Planetary Science Institute | 2018 Sep 10
The release of gases through sublimation is the defining process of comets, but a new paper by Planetary Science Institute Research Scientist Jordan K. Steckloff and Senior Scientist Nalin H. Samarasinha says that periodic landslides and avalanches, known as mass wasting, may be responsible for keeping comets active over a long time.
- The Rosetta spacecraft observed many mass wasting events on the surface of comet 67P/Churyumov-Gerasimenko, including this cliff in the Aswan region of the comet. The arrow denotes the same location in both images, showing a crack forming behind the cliff that preceded its collapse. Mass wasting debris is clearly visible at the base of the cliff. Image credit: ESA/Rosetta/MPS for OSIRIS Team MPS/UPD/LAM/IAA/SSO/INTA/UPM/DASP/IDA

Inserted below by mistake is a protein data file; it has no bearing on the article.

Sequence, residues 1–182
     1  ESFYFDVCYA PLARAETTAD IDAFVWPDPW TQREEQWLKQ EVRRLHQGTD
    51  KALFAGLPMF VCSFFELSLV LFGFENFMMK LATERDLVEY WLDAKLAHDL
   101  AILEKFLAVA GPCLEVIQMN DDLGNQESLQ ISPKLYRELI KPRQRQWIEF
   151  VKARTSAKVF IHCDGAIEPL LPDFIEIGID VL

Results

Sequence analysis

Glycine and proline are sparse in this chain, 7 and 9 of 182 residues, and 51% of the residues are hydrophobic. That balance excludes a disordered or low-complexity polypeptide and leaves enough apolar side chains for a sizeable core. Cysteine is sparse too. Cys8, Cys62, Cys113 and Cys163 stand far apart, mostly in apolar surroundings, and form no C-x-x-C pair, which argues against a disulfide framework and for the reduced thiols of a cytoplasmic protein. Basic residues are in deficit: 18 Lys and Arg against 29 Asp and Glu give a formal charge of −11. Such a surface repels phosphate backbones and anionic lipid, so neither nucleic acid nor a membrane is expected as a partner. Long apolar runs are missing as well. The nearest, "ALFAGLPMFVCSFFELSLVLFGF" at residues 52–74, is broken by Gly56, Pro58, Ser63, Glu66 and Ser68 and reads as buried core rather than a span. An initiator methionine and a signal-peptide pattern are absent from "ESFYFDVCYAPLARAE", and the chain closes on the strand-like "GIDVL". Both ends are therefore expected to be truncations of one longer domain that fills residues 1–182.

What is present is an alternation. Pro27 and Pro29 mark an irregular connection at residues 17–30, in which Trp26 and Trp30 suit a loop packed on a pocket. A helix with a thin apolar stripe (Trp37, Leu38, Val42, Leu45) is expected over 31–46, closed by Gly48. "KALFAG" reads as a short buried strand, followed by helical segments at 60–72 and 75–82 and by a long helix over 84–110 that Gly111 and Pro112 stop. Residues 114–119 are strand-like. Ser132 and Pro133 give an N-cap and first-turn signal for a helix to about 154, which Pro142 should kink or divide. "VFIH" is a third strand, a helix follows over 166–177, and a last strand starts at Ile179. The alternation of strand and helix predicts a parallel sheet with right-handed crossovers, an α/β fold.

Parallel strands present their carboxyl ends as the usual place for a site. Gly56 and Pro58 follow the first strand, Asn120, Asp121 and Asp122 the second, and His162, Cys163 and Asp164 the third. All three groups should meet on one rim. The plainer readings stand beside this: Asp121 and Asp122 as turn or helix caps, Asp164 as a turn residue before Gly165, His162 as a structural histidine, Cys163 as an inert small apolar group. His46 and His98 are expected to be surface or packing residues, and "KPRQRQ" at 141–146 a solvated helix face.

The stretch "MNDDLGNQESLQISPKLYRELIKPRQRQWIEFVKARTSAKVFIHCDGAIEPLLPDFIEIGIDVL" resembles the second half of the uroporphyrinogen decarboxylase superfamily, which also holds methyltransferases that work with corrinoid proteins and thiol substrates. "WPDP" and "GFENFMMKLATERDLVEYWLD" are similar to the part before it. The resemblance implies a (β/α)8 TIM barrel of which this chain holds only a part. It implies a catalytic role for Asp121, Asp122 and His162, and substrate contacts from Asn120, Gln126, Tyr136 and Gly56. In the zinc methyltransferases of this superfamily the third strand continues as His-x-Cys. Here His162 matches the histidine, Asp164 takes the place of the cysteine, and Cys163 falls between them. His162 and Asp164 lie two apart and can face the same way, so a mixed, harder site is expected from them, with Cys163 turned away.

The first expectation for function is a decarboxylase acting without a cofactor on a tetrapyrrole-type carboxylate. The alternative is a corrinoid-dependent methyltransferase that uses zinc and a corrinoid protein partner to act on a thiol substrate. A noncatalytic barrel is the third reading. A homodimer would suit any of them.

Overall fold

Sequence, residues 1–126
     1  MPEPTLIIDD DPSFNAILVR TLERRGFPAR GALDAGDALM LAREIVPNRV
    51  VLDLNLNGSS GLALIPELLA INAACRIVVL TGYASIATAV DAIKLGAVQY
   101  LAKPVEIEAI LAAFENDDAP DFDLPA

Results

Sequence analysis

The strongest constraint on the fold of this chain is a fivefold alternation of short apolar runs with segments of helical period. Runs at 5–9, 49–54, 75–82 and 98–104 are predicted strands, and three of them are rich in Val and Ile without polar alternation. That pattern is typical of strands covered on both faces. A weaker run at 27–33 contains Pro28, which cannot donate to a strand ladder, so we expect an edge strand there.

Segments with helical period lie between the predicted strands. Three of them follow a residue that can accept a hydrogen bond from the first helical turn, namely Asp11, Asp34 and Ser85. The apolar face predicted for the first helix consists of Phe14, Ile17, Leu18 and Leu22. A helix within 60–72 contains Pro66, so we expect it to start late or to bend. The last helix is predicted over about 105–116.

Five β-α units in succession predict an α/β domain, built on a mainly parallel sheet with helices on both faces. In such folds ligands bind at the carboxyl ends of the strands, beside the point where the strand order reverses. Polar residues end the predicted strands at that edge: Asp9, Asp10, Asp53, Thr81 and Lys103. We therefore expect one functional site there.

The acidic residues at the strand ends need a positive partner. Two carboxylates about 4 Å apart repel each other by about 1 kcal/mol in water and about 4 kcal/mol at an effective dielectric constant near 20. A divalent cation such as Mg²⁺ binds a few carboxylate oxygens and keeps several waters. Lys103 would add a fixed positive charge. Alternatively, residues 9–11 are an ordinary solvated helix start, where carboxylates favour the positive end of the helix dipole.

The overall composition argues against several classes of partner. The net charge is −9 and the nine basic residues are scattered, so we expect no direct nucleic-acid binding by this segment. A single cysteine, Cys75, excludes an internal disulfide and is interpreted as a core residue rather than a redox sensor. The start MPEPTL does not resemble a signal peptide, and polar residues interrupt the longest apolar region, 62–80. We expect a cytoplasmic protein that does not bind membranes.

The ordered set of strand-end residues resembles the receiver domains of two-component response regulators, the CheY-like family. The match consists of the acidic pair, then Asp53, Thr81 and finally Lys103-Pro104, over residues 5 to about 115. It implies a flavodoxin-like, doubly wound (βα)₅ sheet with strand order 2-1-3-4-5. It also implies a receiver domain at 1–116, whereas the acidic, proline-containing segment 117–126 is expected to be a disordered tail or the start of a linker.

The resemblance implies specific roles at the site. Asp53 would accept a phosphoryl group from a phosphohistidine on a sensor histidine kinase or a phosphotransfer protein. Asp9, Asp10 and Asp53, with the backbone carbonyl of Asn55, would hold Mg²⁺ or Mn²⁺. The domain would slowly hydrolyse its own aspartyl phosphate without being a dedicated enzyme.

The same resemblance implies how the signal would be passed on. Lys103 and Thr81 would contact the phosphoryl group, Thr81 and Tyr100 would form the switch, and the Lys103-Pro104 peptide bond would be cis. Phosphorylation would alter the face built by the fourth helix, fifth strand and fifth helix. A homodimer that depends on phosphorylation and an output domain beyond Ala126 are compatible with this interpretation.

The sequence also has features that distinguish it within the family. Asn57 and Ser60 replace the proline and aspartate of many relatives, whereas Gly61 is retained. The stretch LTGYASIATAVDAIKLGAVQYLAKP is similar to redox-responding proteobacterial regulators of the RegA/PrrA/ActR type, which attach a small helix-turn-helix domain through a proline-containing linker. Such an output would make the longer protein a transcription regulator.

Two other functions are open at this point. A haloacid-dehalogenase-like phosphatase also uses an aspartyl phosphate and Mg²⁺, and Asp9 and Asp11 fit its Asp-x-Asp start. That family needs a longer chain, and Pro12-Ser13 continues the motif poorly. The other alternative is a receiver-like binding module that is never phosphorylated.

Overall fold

These escaping gases loft dust off of the comet, forming a dust cloud visible from the Earth. This gas release can even change the spin state of the comet. However, this process has long been expected to shut down as the ice present at the surface of the comet sublimates away, leaving a dust layer at the surface that insulates the remaining subsurface ice. It has therefore been unknown how comets remain active, rather than fade into non-active objects.
... mass-wasting activity can excavate and expose buried ices to the surface of the comet , giving the comet fresh ice to sublimate. However, mass-wasting leads to a flattening of features on the surface of the comet over time, which in turn reduces the number and frequency of mass wasting events. ...
The Sublimative Torques of Jupiter Family Comets and Mass Wasting Events on Their Nuclei ~ Jordan K. Steckloff, Nalin H. Samarasinha